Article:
Forum: GNU Radio The shortest pulse length

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82e297df8100b77340dcc209eb6c7c08?d=identicon&s=25 seph 004 (Guest)
on 2007-02-23 15:08
(Received via mailing list)

Does anyone know what the shortest duration pulse is which the USRP can
transmit? I've tried to test it by using gr.head to limit the number of
samples to produce a short waveform, but I can't catch anything
appearing at the output. Is there a simple test I could do to check?


F4c3ef08c85c5729a5521bc80d5025c0?d=identicon&s=25 Lee Patton (Guest)
on 2007-02-23 17:09
(Received via mailing list)
The shortest pulse duration which you can transmit is going to be
limited by:
  a) the sampling rate of the converters
  b) the USB interface
  c) the bandwidth of IF/RF components

I don't know your exact setup.  So, let me provide an example of what
I'm doing:

I transmit and receive in an always-on fashion using a single USRP in 4
Byte/sample mode (2 for real, 2 for complex)  Therefore, for each sample
that must be transmitted and received, 8 bytes will traverse the USB (4
for Tx, 4 for Rx).  The USRP is limited to 32 MB/s across the USB.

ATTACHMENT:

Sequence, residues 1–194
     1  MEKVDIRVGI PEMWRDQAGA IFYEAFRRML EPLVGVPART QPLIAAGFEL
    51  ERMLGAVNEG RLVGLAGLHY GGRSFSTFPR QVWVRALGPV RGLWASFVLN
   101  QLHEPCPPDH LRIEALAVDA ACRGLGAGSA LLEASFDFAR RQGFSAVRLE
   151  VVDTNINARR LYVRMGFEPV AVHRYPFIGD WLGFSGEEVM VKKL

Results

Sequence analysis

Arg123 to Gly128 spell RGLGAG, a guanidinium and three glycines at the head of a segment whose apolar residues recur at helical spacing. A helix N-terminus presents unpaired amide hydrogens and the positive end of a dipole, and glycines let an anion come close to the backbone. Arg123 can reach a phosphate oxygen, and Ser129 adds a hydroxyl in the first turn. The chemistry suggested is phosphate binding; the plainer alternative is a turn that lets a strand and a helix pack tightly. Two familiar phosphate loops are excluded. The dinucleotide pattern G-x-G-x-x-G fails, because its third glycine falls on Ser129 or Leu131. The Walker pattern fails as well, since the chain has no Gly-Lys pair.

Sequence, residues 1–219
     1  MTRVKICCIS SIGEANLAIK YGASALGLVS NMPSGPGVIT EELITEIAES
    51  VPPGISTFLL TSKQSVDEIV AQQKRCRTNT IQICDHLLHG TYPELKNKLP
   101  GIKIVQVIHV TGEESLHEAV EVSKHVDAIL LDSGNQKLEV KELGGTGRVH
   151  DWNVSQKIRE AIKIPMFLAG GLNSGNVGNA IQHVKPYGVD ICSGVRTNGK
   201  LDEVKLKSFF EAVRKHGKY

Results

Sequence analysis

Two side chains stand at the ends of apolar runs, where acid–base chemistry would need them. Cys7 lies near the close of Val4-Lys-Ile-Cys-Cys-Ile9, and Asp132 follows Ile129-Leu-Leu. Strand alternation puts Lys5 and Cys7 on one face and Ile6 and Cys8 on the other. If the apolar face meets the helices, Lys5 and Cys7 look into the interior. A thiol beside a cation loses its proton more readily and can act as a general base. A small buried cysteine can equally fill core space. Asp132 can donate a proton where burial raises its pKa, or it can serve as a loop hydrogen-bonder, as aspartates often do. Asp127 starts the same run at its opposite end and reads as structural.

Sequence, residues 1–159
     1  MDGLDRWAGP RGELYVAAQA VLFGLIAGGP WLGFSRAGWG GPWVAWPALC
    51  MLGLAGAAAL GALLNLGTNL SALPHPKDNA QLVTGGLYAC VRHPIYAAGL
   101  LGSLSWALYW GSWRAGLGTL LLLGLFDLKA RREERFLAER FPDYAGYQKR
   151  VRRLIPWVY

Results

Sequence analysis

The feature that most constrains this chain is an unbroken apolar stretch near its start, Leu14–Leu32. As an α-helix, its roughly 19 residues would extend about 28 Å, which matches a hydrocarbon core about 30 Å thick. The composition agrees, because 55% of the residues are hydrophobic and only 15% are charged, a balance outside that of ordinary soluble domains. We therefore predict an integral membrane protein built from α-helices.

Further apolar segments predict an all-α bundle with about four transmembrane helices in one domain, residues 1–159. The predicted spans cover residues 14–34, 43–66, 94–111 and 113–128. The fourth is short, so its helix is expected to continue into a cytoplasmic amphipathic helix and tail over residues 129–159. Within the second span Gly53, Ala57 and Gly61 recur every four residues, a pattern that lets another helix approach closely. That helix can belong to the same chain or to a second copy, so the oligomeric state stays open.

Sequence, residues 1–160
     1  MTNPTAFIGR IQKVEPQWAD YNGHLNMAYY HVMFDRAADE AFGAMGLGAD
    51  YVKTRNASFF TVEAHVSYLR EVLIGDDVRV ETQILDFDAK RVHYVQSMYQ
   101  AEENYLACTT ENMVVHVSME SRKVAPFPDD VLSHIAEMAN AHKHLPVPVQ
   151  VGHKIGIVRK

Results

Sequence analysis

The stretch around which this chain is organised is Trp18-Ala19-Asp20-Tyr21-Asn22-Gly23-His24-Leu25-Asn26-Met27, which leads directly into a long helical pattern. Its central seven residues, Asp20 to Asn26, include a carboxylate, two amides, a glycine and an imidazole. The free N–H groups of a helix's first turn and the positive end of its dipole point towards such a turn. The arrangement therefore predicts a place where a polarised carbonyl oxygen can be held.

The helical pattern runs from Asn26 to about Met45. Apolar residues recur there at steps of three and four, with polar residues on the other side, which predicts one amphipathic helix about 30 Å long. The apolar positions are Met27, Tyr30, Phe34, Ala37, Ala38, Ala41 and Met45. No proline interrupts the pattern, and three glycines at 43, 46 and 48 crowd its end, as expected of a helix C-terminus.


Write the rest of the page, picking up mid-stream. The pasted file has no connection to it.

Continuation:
Therefore, I can only handle signals 4 MHz wide.  Because the USRP does
complex sampling, 4 MHz becomes the maximum sampling rate I can use to
generate my signal at baseband.  (This signal will be interpolated to
128 MHz on the USRP.)  Because the fastest I can generate samples is 4
MHz, the smallest interval between samples is 1/4e6 = 250 ns.  That is
(theoretically) the shortest pulse width.

Now, anytime you signal using one sample you will suffer more system
distortion than if you used, say, two.  This is because the converters
will act as a really wide low-pass filter.  However, with that said, I
am able to do it.  I believe the minimum interpolation factor is 16.
Therefore, in a transmit-only mode, I believe the minimum pulse width
would be 1/8MHz = 125 ns.

I haven't had coffee yet to day. So, caveat emptor on these
calculations, but I hope they help.

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